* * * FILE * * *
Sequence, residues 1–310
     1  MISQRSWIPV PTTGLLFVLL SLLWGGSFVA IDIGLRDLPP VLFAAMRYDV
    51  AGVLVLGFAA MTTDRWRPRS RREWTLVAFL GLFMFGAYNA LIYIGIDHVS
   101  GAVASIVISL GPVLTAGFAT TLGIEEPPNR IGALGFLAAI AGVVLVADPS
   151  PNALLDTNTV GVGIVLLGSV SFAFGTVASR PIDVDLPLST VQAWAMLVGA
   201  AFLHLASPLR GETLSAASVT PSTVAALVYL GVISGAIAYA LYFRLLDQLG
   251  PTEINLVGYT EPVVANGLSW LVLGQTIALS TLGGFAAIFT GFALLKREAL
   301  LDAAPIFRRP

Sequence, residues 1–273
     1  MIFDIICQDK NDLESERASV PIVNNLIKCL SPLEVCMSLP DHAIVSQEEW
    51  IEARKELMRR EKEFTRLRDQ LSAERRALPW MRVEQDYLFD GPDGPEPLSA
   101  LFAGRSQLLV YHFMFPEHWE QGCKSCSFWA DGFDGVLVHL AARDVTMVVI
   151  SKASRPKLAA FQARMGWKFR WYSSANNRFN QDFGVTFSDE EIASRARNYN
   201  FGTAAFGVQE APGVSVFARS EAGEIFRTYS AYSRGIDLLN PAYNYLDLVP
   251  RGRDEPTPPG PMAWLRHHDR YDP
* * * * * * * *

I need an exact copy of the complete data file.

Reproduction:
Sequence, residues 1–310
     1  MISQRSWIPV PTTGLLFVLL SLLWGGSFVA IDIGLRDLPP VLFAAMRYDV
    51  AGVLVLGFAA MTTDRWRPRS RREWTLVAFL GLFMFGAYNA LIYIGIDHVS
   101  GAVASIVISL GPVLTAGFAT TLGIEEPPNR IGALGFLAAI AGVVLVADPS
   151  PNALLDTNTV GVGIVLLGSV SFAFGTVASR PIDVDLPLST VQAWAMLVGA
   201  AFLHLASPLR GETLSAASVT PSTVAALVYL GVISGAIAYA LYFRLLDQLG
   251  PTEINLVGYT EPVVANGLSW LVLGQTIALS TLGGFAAIFT GFALLKREAL
   301  LDAAPIFRRP

Sequence, residues 1–273
     1  MIFDIICQDK NDLESERASV PIVNNLIKCL SPLEVCMSLP DHAIVSQEEW
    51  IEARKELMRR EKEFTRLRDQ LSAERRALPW MRVEQDYLFD GPDGPEPLSA
   101  LFAGRSQLLV YHFMFPEHWE QGCKSCSFWA DGFDGVLVHL AARDVTMVVI
   151  SKASRPKLAA FQARMGWKFR WYSSANNRFN QDFGVTFSDE EIASRARNYN
   201  FGTAAFGVQE APGVSVFARS EAGEIFRTYS AYSRGIDLLN PAYNYLDLVP
   251  RGRDEPTPPG PMAWLRHHDR YDP